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Criminal Law
University of Kansas School of Law
Stacy, Thomas G.


Professor Stacey

Spring 2012


A. Ex. Client wants to know whether it is a crime to contribute money to Hamas. Where would you look for the answer?

1. Federal statutes, state statutes, case law (relevant when statutes are ambiguous); secondary sources; legislative history

2. KSA 21-3102: “No conduct constitutes a crime… unless it is made criminal in this code…” In Kansas, is the common law at all relevant? Yes it is- if statutes are ambiguous, provides interpretation

3. Dudley v. Stephens is an example of a common law approach to crime

4. Statutory Interpretation Exercise

a. Statute says: “It shall be a misdemeanor to operate a motor vehicle on a walkway through a public park.”

b. Why is a Ford Explorer a “motor vehicle?” Plain meaning of the term “motor vehicle”.

c. Does an electric golf cart = “motor vehicle?” literal interpretation- then what about a motorized wheel chair?

d. Problem with a literal interpretation you end up with conclusions that the legislature did not intend

e. How the term is defined in other jurisdictions (something legislatures look at)

f. What legislature had in mind:

1) danger;

2) preserve a park-like atmosphere

5. Basic Sources of Statutory Meaning: Legislative Intent, Revealed Through:

a. Text

b. legislative history (committee reports, floor debates, signing statements, etc.), if any.

c. Purposes, as revealed through its text, legislative history, or surmise (some have preambles that tell you the purpose)

d. Case law

6. Suppose the state supreme court has held that a motorized wheelchair is not a motor vehicle. What implications does this decision have re an electric golf cart? Why?

a. Is golf cart analogous to a wheelchair or not? Look at the reasoning the State Supreme Court used- would need to look at the holding- have to look at the reasoning and rationale and how it applies

b. Interpret statutes in light of their text, legislative history, and purposes. Also in light of case law applying them or any incorporated common law concepts.

c. Interpret cases in light of , e.g.

II. Purposes of Criminal Punishment:

A. Utilitarian View

1. Should defamation be a criminal offense? – general deterrence- one advantage of criminalizing defamation- maybe we could deter people from doing that, but on the other hand, might discourage speech that has great value

2. What would an utilitarian say? Another argument- criminalizing defamation would lead to significant costs, and benefits wouldn’t outweigh the costs- civil damages would be available anyway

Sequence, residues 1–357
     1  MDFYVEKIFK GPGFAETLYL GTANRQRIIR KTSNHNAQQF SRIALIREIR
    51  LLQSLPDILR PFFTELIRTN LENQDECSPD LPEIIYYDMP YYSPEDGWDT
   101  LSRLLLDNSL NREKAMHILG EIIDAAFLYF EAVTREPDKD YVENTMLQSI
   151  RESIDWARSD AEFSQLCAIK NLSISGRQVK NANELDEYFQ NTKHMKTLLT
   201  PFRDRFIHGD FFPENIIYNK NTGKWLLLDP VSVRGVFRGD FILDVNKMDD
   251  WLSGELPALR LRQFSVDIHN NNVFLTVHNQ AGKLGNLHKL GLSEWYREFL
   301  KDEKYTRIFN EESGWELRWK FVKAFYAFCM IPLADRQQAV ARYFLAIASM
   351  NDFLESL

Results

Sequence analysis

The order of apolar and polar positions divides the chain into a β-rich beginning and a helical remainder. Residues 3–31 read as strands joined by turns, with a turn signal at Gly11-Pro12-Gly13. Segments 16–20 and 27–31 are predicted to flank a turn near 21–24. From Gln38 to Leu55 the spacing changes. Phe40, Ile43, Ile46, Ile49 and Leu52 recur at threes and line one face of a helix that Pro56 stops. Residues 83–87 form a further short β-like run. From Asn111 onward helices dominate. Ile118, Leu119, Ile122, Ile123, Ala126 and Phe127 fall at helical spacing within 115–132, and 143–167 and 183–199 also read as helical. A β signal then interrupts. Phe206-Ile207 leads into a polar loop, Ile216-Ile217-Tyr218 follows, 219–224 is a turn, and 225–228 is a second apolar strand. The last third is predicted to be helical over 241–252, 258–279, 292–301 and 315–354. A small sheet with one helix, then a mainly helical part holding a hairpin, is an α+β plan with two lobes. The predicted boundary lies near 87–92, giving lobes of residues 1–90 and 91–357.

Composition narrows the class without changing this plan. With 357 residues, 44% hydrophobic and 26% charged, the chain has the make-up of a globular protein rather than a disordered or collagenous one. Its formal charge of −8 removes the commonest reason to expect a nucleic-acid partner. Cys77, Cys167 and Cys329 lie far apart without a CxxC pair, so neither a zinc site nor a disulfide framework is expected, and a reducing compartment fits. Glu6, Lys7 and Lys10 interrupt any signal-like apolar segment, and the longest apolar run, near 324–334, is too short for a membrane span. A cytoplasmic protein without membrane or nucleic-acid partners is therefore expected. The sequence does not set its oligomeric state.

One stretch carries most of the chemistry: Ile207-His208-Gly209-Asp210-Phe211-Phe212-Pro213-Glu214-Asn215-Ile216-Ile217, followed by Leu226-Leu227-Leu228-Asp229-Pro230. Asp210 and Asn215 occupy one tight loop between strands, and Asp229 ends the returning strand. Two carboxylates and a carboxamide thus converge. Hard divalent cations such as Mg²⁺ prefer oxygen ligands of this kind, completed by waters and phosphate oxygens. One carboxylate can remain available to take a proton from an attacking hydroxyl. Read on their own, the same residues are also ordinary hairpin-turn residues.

3. What is an utilitarian view- measure the benefits against the costs

B. What are the utilitarian benefits of punishment?

1. Specific deterrents, general deterrents, incapacitation- prevent people from inflicting harm on society at large; rehabilitation- solitary confinement’s original purpose (reflection)

C. Retributivist view

1. View that the offender ought to receive what rational justice requires- doesn’t look at future consequences; look at degree of harm offender has inflicted on others; offender’s responsibility for that harm

2. Retributivist- whether criminal punishment is deserved as a matter of justice- needs to be proportionate to the offense: Measure the gravity of the offense by the amount of harm inflicted and the degree to which it prevents the person from making choices; and the degree to which the offender is responsible. Intentional wrongdoing is worse.

D. Utilitarian calculus of whether defamation should be a criminal offense:

1. Benefits

a. Added general and specific deterrence- better protects reputation

b. Incapacitation of chronic defamers?

c. Rehabilitation?

2. Costs

a. Not much added deterrence: $ damages generally work.

b. Prison more expensive than damage judgments

c. Deters valuable speech, too

d. Tool for suppressing unpopular ideas

E. Retributive Considerations:

1. Yes, criminal punishment deserved as a matter of rational justice:

a. Harm great: More severe infringement of another’s autonomy than, e.g., car theft.

b. Offender sometimes has high degree of responsibility.

2. No:

y could accurately judge whether the killing is necessary, and they were self-interested; and who decides who is to die?

B. . The British case of the Conjoined Twins

1. If surgically separated, Jodie would survive and have 90+% chance of living a life of normal length.

2. Separation surgery certainly will cause Mary’s death.

3. Do nothing: Docs say both would die, probably within 6 months

4. Doctors/experts presenting the case- impartial judge making the findings in writing- slippery slope concern carries much less weight in this case

C. Should slippery slope ever criminalize act that, considered by itself, is good or excusable? Isn’t this equal to punishing an innocent?

1. Coleridge: “We are often compelled to set up standards we cannot reach ourselves, and to lay down rules which we could not ourselves satisfy.”

2. Problem with Utilitarian Calculus in Criminal Law

a. Set up rules people can’t comply with and then punish them?

D. For law to influence conduct

1. people have to know what the law is; and

2. have to care about what the law is

E. Retributive Considerations

1. Basic argument against

2. What’s the retributive rationale for war? Death penalty? Self defense? How does it apply here?

a. Death penalty- killer is a wrongdoer; proportionate to the crime

b. War- nation commits a wrong that justifies the war

c. Self-defense- innocent person has a right to defend him or herself

3. Would retributivists ever think it’s okay to punish an innocent person? No

4. Why necessity killing is wrong according to retributivists- Parker didn’t do anything; innocent

5. One alternative- to do nothing